Comparison of interpolation methods to produce high precision digital elevation models (DEM) for the representation of floodplain micro-topography [Comparaison des méthodes d'interpolation pour l'élaboration de modèles numériques d'élévation de haute précision dans la représentation micro-topographique des plaines inondables]
Drouin A.,Irda Institute Of Recherche Et Of Developpement En Agroenvironnement |
Saint-Laurent D.,University of Quebec at Trois - Rivieres
Hydrological Sciences Journal | Year: 2010
The flood plain micro-topography influences the extent of water bodies over submerged areas during floods. This analysis aims to compare interpolation methods for achieving high-precision digital elevation models (DEM) representing the micro-topography of flood plains. These methods were also compared using a geographic information system(GIS) to identify which are the most effective to represent the micro-topography of the sites, and that with a limited number of elevation data. The effectiveness of each interpolation method was validated through the root mean square error, statistical tests, "error maps" and a visual assessment in three dimensions. It appears that simple kriging, triangulated irregular network and ordinary kriging methods are the interpolation methods which most accurately represent the micro-topography of the sites, while the inverse distance and universal kriging interpolation methods produce greater errors. © 2010 IAHS Press.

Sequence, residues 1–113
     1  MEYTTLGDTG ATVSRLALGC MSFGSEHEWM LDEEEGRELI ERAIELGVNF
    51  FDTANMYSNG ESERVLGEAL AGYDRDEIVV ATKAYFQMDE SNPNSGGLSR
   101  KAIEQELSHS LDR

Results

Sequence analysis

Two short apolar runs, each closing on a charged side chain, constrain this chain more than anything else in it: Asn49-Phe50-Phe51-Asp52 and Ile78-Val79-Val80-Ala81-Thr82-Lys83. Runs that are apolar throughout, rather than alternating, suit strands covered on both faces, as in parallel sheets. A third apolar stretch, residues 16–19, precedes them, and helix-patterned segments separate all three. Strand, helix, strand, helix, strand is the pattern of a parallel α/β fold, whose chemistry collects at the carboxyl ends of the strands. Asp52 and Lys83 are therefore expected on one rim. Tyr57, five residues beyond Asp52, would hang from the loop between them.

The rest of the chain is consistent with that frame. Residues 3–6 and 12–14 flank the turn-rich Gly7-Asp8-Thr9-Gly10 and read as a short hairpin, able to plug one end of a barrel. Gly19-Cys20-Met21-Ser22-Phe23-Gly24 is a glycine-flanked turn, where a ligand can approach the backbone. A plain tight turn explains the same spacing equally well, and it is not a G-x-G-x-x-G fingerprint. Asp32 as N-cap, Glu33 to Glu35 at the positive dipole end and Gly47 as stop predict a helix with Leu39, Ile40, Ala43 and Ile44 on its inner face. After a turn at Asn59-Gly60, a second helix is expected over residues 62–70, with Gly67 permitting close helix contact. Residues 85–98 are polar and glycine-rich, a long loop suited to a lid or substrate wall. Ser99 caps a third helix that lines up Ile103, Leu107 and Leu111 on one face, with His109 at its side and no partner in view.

Diane S.-L.,Irda Institute Of Recherche Et Of Developpement En Agroenvironnement |
Diane S.-L.,University of Quebec at Trois - Rivieres |
Lavoie L.,GDG Environnement |
Ouellet C.,University of Quebec at Trois - Rivieres
Wetlands | Year: 2011
This study examines the spatial distribution of soil organic carbon (SOC) and other properties in soils in active floodplains using a high precision digital elevation model (DEM) and geographic information system. Floodplain microtopography may influence wetland hydrology and the physical and chemical properties of soil, thus affecting the balance of plant nutrients in this riverine environment. The selected sites were composed of three floodplains dominated by a forest consisting of silver maple (Acer saccharinum L.) with some green ash (Fraxinus pennsylvanica Marsh.). These floodplains were frequently subject to floods during spring (and also in summer and fall) that create dynamic processes in the formation of alluvial soils and in the structure and composition of floodplain vegetation. The maximum and minimum SOC rates that were obtained ranged from 0.05% to 3.16%, with median values of 0.87%. In addition, no preferential pattern was detected on SOC spatial distribution in floodplain soils even when a high precision digital elevation model was used to define floodplain microtopography. Frequent floods and vertical aggradation maintain the soil in an immature state and cause a depletion of the soil's organic carbon content. © Society of Wetland Scientists 2011.